Saturday, 6 June 2020

Commentary: Why universal health care would especially help blacks, Latinos and Arab Americans - The San Diego Union-Tribune



Commentary: Why universal health care would especially help blacks, Latinos and Arab Americans

In April, a New York City nurse anesthetist posted on Facebook that the last words of an American patient dying of COVID-19, before he was intubated, were, “Who’s going to pay for it?” This captures the crisis of our health care system. Knowing of the bad number of deaths that had already occurred in Italy by that time, the first thing that came to my mind was that these would not be the last words of any Italian patient.
I have lived and worked in six countries on three continents. My job has been to explain clinical and economic value to those countries, payers and health care systems so health care innovations like new drugs and advanced diagnostic tests can be permanently funded by health insurance. This process can take years but is critical to improving care.


Through my work, I have experienced different health care systems firsthand and in-depth. While France’s health care funding is federal in the majority of cases and Canada has a provincially funded health care system, both countries offer supplemental private insurance for additional benefits. China and Brazil have significant out-of-pocket components, especially for new innovations. The United States has a mixed funding model.
When I moved to the United States, my employer at the time thought the Affordable Care Act (also known as ACA or Obamacare) would change perceptions of payers and health care systems, because we were inching closer to universal health care. A decade later, universal health care seems further out of reach.
The coronavirus pandemic has exposed somber realities.
A mid-April analysis from Kaiser Family Foundation showed that in the majority of states, African Americans account for a higher share of confirmed cases and deaths than their share of the total population. A report by the Centers for Disease Control and Prevention found that African-Americans are hospitalized at higher rates than whites for COVID-19. In New York City, the U.S. community hardest hit by the virus, more Hispanics per capita are succumbing to the illness than any other ethnic group. In San Diego, the East County COVID-19 numbers show proportionally higher numbers of “unknown” ethnicity, which could be Middle Eastern because of East County’s large Chaldean population.
People within the above-mentioned communities tend to have higher numbers of uninsured or underinsured. That means they normally have less access to health care, whether for prevention or for treatment when needed. That also could mean higher prevalence of underlying medical conditions that are contributing to mortality in those groups. People with no insurance or underinsurance might delay seeking urgent care until it is too late.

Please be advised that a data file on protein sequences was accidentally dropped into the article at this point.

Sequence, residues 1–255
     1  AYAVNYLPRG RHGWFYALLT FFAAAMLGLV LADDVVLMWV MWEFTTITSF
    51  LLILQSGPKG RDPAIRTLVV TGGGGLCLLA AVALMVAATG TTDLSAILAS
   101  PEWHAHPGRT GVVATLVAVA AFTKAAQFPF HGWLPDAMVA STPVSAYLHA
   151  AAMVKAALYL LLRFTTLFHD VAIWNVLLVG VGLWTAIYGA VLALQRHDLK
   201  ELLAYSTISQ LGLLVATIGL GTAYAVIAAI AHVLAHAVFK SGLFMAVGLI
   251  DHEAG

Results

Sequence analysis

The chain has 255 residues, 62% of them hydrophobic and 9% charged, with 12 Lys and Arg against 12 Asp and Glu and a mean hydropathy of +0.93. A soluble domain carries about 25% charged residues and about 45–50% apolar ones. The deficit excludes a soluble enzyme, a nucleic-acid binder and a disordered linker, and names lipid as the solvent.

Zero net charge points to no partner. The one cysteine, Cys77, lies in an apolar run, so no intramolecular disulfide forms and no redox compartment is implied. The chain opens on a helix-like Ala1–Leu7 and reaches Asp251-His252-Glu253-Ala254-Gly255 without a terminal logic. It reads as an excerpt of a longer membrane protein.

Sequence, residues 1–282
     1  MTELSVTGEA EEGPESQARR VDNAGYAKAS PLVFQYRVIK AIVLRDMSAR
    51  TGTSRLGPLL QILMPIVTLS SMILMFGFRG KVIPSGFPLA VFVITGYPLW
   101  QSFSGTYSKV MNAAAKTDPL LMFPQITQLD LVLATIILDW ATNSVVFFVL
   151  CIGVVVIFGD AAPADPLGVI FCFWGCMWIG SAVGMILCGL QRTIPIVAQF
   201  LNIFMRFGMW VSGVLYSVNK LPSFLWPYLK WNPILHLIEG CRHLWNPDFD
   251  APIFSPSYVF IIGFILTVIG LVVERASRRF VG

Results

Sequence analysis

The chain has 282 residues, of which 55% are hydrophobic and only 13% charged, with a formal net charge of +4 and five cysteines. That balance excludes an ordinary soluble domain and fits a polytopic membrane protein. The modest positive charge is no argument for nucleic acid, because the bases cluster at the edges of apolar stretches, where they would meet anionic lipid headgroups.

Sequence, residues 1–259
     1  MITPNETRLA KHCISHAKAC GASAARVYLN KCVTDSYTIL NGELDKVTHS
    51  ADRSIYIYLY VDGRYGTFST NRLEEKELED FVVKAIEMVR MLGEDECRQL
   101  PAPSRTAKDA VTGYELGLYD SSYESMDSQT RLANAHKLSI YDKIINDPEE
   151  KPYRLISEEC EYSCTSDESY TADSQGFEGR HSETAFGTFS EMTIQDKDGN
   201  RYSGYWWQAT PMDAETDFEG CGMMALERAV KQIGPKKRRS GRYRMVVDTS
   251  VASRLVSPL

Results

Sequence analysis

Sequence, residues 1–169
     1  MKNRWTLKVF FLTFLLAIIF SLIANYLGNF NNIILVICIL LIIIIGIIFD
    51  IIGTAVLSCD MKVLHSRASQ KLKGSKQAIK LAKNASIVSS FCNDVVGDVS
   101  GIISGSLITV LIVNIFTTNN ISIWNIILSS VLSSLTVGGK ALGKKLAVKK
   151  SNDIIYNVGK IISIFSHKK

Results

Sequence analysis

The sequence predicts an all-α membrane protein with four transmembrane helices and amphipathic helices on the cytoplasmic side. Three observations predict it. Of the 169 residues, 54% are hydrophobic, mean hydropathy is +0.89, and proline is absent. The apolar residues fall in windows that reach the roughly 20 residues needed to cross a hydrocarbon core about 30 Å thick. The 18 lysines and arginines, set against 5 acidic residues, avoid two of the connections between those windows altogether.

Encouraging people to seek needed treatment during the novel pandemic must be tied to reduction of out-of-pocket costs. In a recent survey by Real Endpoints, most insurance companies reduced or eliminated different types of out-of-pocket costs for COVID-19 patients. That is a step in the right direction, but it does not address the broader shortfalls of our medical insurance system.
There are now about 90,000 deaths related to COVID-19 in the United States. Our hope is that all the public health measures and the evolving treatments and vaccines will slow and eventually stop these deaths. But remember that we have almost 600,000 deaths every year related to cancer and another 600,000 deaths related to heart disease. The impact of those diseases on patients is devastating in many ways, including financial. In one study, 42% of cancer patients had financial hardships, despite being insured.
Health care costs are the second leading cause of bankruptcy in the United States. Adding insult to injury, our employer-based medical insurance system ensures that people lose their benefits when they lose their jobs. Recent proposals have focused either on extending COBRA benefits or expanding the ACA base. Unfortunately, for many people neither of these solutions is affordable. Even when people buy Obamacare, they tend to buy lower-premium plans that have significantly higher upfront out-of-pocket costs.
Coping with coronavirus
The pandemic sweeping the globe has changed everyone’s lives, and we want to hear how it’s changed yours. If you’d like to write an op-ed for us on a subject related to the virus, make it 700-750 words and send it to us with your name and a phone number so we can reach you.
Access to health care is a basic human right. It is time for a real change in our health care system and it is not difficult. Having universal health care does not mean that there should not be an employer-based private insurance system. Universal health care will have a positive impact on our lives, and for those most fragile and marginalized among us it could mean the difference between life and death.
Qadan is a biopharmacist and medical technology executive at Illumina in San Diego. He lives in Carmel Valley.
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SRC: https://www.sandiegouniontribune.com/opinion/story/2020-05-19/commentary-covid-19-crisis-shows-need-for-universal-health-care-for-arab

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